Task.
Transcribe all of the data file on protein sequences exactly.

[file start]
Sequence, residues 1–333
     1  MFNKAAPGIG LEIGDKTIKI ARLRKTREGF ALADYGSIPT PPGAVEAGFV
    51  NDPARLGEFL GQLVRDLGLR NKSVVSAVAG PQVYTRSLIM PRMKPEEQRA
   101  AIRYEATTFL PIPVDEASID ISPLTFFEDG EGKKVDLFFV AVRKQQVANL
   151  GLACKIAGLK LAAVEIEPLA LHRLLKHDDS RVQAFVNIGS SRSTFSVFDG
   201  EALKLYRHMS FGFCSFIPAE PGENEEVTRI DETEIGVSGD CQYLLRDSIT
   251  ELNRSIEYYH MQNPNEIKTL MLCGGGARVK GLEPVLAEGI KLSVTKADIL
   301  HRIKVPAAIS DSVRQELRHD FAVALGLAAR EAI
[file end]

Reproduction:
Sequence, residues 1–333
     1  MFNKAAPGIG LEIGDKTIKI ARLRKTREGF ALADYGSIPT PPGAVEAGFV
    51  NDPARLGEFL GQLVRDLGLR NKSVVSAVAG PQVYTRSLIM PRMKPEEQRA
   101  AIRYEATTFL PIPVDEASID ISPLTFFEDG EGKKVDLFFV AVRKQQVANL
   151  GLACKIAGLK LAAVEIEPLA LHRLLKHDDS RVQAFVNIGS SRSTFSVFDG
   201  EALKLYRHMS FGFCSFIPAE PGENEEVTRI DETEIGVSGD CQYLLRDSIT
   251  ELNRSIEYYH MQNPNEIKTL MLCGGGARVK GLEPVLAEGI KLSVTKADIL
   301  HRIKVPAAIS DSVRQELRHD FAVALGLAAR EAI